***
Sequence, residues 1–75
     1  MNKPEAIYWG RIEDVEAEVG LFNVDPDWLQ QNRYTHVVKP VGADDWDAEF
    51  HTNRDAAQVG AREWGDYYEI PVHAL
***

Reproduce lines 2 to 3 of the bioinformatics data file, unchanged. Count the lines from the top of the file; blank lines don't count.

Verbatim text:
     1  MNKPEAIYWG RIEDVEAEVG LFNVDPDWLQ QNRYTHVVKP VGADDWDAEF
    51  HTNRDAAQVG AREWGDYYEI PVHAL